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Joiner v. United States

United States Court of Appeals, Fifth Circuit

January 10, 2020

BRUCE JOINER, Plaintiff - Appellant
v.
UNITED STATES OF AMERICA, Defendant-Appellee

          Appeal from the United States District Court for the Northern District of Texas

          Before WIENER, HIGGINSON, and HO, Circuit Judges.

          JAMES C. HO, CIRCUIT JUDGE

         The district court dismissed this case for lack of subject matter jurisdiction under the Federal Tort Claims Act and the Anti-Terrorism Act. It also precluded additional discovery. We affirm.

         I.

         On May 3, 2015, Bruce Joiner was on duty as a security guard for the "First Annual Muhammed Art Exhibit and Contest" in Garland, Texas. That day, a pair of Islamic terrorists-Elton Simpson and Nadir Soofi-attacked the event site and shot Joiner in the leg.

         Both Simpson and Soofi were subjects of an ongoing FBI investigation at the time of the shooting. As early as 2007, Simpson, an Arizona citizen, was flagged for potential terrorist sympathies. By 2010, Simpson became friendly with Soofi, a fellow mosque member. Around this time, Soofi attempted to purchase a handgun from the Lone Wolf Trading Company in Arizona. The Lone Wolf store was part of the Bureau of Alcohol, Tobacco and Firearms' "Fast and Furious" gunwalking operation, where federal agents would sell firearms to unauthorized buyers in hopes of tracing them back to the Mexican cartel. A background check identified Soofi as possibly being ineligible to purchase a firearm, and a seven-day hold was initially placed on the sale. It was lifted after twenty-four hours, at which point Soofi bought the gun.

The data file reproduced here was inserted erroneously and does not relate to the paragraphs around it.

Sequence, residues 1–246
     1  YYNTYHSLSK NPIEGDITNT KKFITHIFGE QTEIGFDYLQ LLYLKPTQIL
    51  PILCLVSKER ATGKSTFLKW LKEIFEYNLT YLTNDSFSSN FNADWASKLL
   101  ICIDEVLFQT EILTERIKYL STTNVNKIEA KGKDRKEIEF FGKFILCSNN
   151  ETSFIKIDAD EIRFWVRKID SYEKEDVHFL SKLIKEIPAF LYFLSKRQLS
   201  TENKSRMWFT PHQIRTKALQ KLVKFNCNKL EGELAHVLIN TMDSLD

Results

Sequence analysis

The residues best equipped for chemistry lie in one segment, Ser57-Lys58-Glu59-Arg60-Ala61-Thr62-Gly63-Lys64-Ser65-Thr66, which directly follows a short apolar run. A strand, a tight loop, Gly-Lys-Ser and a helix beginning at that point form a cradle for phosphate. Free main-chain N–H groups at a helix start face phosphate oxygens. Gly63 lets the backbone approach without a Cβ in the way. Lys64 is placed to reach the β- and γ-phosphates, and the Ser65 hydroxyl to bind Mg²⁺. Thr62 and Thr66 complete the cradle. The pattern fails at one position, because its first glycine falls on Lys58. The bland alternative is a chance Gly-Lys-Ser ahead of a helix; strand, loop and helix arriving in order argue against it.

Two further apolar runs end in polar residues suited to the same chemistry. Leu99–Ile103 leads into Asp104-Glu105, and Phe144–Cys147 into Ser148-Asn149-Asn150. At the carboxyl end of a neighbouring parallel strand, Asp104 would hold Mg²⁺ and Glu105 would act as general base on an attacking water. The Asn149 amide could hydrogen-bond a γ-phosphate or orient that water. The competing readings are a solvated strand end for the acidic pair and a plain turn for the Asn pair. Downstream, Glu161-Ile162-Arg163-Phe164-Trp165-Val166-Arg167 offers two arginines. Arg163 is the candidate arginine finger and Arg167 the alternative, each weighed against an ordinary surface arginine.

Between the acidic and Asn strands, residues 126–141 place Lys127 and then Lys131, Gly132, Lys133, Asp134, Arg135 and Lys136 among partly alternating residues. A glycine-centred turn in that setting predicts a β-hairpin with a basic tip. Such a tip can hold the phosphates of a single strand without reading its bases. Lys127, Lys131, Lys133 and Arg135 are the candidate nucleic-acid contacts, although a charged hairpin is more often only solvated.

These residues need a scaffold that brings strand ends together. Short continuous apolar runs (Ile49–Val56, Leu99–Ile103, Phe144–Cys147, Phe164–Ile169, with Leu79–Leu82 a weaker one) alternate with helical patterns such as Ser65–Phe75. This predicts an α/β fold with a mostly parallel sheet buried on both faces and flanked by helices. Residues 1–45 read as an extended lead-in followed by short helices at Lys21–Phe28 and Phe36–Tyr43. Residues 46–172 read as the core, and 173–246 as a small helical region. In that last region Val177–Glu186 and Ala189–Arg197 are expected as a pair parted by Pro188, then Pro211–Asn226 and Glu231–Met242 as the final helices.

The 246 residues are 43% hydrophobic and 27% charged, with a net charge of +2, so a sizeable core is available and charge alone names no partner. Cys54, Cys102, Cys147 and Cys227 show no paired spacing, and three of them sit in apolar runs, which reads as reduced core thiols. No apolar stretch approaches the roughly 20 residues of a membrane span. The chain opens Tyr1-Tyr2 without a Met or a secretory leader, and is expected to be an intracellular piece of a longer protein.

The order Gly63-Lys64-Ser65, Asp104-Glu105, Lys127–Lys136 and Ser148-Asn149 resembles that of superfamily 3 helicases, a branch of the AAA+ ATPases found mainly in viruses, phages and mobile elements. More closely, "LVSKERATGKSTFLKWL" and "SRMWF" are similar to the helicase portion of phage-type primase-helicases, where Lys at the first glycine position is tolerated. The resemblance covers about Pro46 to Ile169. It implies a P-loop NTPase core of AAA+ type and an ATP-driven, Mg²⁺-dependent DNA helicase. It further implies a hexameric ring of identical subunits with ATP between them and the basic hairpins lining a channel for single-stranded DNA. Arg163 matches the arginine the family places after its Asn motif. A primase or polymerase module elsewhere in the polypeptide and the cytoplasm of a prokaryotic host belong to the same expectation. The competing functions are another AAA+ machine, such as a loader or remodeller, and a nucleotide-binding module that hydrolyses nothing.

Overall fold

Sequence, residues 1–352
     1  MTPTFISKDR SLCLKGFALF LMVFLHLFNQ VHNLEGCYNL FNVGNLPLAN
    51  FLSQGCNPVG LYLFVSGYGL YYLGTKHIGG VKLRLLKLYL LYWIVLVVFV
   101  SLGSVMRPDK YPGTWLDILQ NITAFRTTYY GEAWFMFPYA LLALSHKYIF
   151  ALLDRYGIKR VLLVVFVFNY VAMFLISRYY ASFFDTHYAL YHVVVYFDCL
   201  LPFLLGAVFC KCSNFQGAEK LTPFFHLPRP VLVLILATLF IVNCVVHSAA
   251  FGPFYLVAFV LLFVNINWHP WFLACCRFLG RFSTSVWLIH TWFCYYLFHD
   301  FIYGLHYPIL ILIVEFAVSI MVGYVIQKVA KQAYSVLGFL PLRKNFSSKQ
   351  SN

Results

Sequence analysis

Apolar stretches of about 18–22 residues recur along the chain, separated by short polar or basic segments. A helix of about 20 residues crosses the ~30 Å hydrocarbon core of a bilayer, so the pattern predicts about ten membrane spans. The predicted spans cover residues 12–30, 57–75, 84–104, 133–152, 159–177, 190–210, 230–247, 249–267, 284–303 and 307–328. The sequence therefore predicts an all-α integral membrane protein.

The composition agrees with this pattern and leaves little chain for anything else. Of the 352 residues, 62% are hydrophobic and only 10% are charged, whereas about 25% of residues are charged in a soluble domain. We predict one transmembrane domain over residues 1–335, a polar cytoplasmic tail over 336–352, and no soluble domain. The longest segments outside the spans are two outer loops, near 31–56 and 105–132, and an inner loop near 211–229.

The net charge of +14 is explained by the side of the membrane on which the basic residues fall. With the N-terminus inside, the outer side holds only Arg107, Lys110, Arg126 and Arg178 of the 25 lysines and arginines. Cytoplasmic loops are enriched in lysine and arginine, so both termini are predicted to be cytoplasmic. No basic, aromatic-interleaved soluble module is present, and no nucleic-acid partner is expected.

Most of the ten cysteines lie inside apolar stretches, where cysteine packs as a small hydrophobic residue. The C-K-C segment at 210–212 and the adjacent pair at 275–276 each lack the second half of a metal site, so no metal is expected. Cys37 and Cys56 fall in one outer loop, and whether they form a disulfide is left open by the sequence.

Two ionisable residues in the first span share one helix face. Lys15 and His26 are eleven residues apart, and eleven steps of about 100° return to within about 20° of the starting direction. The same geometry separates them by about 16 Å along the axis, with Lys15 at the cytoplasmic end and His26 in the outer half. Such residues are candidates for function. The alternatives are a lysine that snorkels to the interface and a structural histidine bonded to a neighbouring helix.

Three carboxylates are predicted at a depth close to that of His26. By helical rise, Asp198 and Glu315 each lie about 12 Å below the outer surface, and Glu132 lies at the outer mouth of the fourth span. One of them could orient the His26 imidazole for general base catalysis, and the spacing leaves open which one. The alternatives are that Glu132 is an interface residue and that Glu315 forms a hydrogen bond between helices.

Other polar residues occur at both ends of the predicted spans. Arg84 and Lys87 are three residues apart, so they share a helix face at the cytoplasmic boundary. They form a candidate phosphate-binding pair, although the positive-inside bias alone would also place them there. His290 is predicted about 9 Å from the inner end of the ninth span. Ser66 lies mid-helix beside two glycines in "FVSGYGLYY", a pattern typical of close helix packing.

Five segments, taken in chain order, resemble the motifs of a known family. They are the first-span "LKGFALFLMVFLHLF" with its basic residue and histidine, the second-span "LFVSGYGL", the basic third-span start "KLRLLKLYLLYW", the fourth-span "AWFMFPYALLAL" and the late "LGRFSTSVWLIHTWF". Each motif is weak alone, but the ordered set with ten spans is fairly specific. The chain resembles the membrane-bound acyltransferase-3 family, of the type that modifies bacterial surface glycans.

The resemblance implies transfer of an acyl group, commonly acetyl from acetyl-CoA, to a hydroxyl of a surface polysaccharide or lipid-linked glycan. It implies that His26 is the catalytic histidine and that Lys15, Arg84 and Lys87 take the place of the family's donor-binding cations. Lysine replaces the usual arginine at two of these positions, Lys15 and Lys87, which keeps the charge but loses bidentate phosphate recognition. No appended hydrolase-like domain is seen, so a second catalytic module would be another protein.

On January 7, 2015, terrorists affiliated with al-Qaeda attacked the Paris offices of Charlie Hebdo in retaliation for the magazine's publication of cartoons depicting the prophet Muhammad. Ten days later, an Islamic group held a conference at the Curtis Culwell Center in Garland, Texas, called "Stand with the Prophet in Honor and Respect." The conference featured criticism of those who published likenesses of Muhammad. In response, another organization planned a "Draw the Prophet" event, also to be held in Garland.

         Simpson denounced the "Draw the Prophet" event in a Twitter exchange with Mohamed Abdullahi Hassan, an ISIS leader in Somalia. Simpson tweeted, "When will they ever learn," and Hassan responded, "The brothers from the Charlie Hebdo attack did their part. It's time for brothers in the #US to do their part."

         At this point, Erick Jamal Hendricks, a South Carolina man, contacted Simpson via Twitter. Hendricks had been working to establish an ISIS cell in the United States and was being investigated by and in communication with an undercover FBI agent known as UCE-1. UCE-1 initially contacted Hendricks on social media, posing as a Muslim interested in joining ISIS. After vetting UCE-1, Hendricks asked for his help recruiting members for a domestic terror group. UCE-1 contacted Simpson on April 23, 2015, at Hendricks' instruction. The next day, Simpson and UCE-1 had the following conversation over social media:

UCE-1: Tear up Texas.
Simpson: Bro, u don't have to say that . . . U know what happened in Paris . . . I think . . . Yes or no . . . ?
UCE-1: Right.
Simpson: So that goes without saying . . . No need to be ...

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